The announcement that the popular British baking competition show “The Great British Bake Off” was jumping to a new network was made shortly after the Brexit vote last year and was met by some with a similar degree of panic. Syndicated worldwide, the baking show has developed a devoted international fanbase in addition to becoming a national pastime in its native Britain, where fans were left united in their worry about the show’s future. News that judge Mary Berry and hosting duo Sue Perkins and Mel Giedroyc would be departing felt like a death blow. One of the new network’s executives described the new show as more “modern” and promised “no more soggy bottoms jokes.” For fans, this was madness.
If you have never personally experienced the calming and restorative effects of watching “The Great British Bake Off,” I highly recommend it. Twelve amateur bakers compete against one another in a tent erected in a pastoral meadow. There is no grand prize. Pleasant music burbles in the background as a charming and diverse cross-section of the United Kingdom fusses over biscuits and tarts. The hosts wander around making puns about under-baked sponges having “soggy bottoms” and the judges say tactful things like “it’s a bit informal, isn’t it?” even when a baked creation is crumbling apart on the plate. The stakes are never any higher than whether or not a contestant will successfully balance the flavors in their orange zest and rosewater cake.
There is something uniquely cathartic about becoming briefly yet deeply invested in the flavor profile of a pudding that you will never taste on behalf of a stranger you will never meet. The low stakes of the show are heightened in contrast to the deep commitment of the contestants, who tend to grow teary if, for example, their mirror glaze fails to set properly. We can ride high on their successes and mourn their failures safe in the knowledge that the worst possible outcome is the losing contestant getting squashed in a group hug with heartfelt assurances that they did their very best.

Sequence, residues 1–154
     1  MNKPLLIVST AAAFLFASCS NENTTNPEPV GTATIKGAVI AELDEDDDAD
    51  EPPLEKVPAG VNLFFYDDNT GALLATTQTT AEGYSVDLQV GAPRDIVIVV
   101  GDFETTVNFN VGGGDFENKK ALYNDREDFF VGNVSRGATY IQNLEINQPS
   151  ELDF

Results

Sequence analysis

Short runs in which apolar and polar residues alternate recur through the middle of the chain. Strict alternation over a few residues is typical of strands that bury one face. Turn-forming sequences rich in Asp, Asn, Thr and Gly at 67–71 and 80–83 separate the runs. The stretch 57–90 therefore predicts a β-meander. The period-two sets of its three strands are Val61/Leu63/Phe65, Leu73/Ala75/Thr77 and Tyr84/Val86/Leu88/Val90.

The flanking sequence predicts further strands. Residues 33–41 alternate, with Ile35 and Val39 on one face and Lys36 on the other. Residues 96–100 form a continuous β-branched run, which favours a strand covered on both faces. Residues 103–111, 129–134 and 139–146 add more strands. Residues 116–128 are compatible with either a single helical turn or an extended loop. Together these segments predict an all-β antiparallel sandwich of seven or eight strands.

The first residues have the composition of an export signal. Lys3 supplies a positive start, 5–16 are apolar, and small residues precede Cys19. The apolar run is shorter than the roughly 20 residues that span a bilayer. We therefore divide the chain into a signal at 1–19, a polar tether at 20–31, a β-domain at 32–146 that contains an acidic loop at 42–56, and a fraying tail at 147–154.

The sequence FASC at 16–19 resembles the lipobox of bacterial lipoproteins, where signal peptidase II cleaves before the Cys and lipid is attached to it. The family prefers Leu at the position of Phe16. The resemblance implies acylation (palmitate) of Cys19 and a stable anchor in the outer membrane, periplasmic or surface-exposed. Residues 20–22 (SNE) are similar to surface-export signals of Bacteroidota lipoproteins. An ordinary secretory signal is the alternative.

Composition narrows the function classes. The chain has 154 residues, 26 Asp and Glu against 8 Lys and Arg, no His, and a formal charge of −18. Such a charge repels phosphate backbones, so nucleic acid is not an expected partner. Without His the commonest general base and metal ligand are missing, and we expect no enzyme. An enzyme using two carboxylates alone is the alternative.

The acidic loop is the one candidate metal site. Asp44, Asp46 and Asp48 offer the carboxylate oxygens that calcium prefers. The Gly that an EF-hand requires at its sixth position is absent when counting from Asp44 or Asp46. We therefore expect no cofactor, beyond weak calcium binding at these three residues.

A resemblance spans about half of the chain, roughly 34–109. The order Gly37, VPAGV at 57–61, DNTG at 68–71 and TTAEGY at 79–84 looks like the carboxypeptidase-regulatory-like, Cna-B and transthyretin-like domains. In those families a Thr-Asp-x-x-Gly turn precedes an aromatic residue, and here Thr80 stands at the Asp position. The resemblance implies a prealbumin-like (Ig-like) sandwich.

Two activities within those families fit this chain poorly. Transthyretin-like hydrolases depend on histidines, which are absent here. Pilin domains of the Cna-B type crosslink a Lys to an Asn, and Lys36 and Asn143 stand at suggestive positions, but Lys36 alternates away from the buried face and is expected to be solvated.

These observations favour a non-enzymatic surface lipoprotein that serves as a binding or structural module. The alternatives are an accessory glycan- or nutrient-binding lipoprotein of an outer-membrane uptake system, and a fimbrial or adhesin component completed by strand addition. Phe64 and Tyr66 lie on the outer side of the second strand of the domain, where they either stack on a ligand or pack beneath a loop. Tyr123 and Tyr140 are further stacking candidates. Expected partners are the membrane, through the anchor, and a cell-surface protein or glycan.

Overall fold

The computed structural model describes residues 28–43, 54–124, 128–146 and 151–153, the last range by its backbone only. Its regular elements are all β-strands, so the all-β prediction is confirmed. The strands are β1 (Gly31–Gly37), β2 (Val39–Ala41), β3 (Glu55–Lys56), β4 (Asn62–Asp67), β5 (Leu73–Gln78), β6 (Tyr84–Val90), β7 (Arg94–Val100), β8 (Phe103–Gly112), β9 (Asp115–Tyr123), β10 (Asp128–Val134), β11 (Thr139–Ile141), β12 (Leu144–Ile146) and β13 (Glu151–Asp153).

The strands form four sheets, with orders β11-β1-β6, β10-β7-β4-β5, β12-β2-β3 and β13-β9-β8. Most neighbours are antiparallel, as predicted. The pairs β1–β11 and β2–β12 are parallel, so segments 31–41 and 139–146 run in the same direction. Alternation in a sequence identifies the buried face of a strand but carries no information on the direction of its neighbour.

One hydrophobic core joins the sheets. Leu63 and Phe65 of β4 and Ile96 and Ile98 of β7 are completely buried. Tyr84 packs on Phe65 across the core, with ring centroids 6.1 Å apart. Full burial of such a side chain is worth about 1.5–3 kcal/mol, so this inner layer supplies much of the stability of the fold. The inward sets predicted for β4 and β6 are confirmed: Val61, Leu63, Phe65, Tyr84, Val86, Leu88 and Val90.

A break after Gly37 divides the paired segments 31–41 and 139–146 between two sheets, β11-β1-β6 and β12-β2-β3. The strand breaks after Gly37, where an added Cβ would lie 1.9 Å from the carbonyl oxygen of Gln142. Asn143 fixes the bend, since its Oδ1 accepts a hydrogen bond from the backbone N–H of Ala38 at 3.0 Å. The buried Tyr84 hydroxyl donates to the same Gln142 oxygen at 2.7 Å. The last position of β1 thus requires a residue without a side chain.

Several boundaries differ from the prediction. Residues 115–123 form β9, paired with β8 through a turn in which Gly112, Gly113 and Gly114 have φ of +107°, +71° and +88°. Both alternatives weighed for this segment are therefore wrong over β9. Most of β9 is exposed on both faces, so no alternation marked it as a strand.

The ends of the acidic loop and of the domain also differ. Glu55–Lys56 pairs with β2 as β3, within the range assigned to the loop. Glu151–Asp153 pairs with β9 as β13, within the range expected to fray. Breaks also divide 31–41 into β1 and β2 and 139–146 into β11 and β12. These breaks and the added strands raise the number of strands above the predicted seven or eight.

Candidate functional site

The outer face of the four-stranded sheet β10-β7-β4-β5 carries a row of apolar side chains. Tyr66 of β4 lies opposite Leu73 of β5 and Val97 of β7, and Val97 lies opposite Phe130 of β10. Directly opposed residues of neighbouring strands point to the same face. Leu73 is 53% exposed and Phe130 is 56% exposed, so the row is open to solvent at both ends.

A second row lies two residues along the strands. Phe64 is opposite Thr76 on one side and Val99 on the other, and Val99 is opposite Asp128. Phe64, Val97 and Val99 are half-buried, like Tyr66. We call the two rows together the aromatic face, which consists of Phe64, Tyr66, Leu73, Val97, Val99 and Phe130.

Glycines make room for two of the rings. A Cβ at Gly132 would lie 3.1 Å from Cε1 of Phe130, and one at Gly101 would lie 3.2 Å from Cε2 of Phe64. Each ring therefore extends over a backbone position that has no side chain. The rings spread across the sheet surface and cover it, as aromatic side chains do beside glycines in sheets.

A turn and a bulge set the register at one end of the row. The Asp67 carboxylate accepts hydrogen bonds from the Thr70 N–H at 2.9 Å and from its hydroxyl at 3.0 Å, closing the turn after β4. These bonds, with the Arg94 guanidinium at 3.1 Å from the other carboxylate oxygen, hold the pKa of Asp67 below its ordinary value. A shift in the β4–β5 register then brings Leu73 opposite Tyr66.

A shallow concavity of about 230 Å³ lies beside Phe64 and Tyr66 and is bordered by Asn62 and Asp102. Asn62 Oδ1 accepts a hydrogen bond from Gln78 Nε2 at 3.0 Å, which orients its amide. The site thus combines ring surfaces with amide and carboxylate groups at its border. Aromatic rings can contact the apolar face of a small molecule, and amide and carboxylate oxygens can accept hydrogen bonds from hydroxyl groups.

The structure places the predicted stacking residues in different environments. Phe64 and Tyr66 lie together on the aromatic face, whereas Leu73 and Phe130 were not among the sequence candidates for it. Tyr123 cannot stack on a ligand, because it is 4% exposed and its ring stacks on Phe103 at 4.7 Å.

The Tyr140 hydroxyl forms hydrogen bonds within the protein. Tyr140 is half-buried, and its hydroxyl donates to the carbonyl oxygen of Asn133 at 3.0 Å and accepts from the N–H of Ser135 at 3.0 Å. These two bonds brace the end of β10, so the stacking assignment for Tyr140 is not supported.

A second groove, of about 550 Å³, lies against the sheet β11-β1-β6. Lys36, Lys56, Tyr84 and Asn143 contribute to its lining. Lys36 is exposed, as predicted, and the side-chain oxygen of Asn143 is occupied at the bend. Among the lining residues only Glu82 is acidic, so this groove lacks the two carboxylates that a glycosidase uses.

The premiere of the new season, watched legally by The Wellesley News’ British correspondent—I’m studying abroad—was met with sighs of relief. In spite of a new network and a handful of new faces, the show has remained virtually untouched in all the ways that truly matter. The tent is unchanged down to the kitschy knickknacks decorating its shelves. The new judge, Prue Leith, has comfortably taken up Mary Berry’s mantle, offering kind words that balance the gruffer critiques of the returning judge, Paul Hollywood. Sandi Toksvig and Noel Fielding, the new hosts, have embraced Mel and Sue’s style of warm encouragement mixed with gentle teasing without coming across as copycats.
The show’s quiet progressivism has also remained intact. Two seasons ago, the last episode concluded with Nadiya, a Muslim stay-at-home mother who competed in a hijab, tearfully declaring that she would never let self-doubt or negativity hold her back again. The new season opened with Yan, a woman of color working in STEM, casually mentioning her wife in the first thirty seconds of the premiere.
While American fans going through the proper legal channels will have to wait some anxious months before they can see the new season for themselves, let me assure you from across the pond that “The Great British Bake Off” has successfully navigated the transition. The bakers are still forgetting to turn on their ovens and helping other contestants when they fall behind. The judges are still delivering lines like “it’s a little overbaked” with the solemnity of a doctor giving a cancer diagnosis. The hosts are still making jokes about, yes, soggy bottoms. “The Great British Bake Off” is still as wholesome and lovely as a warm apple pie.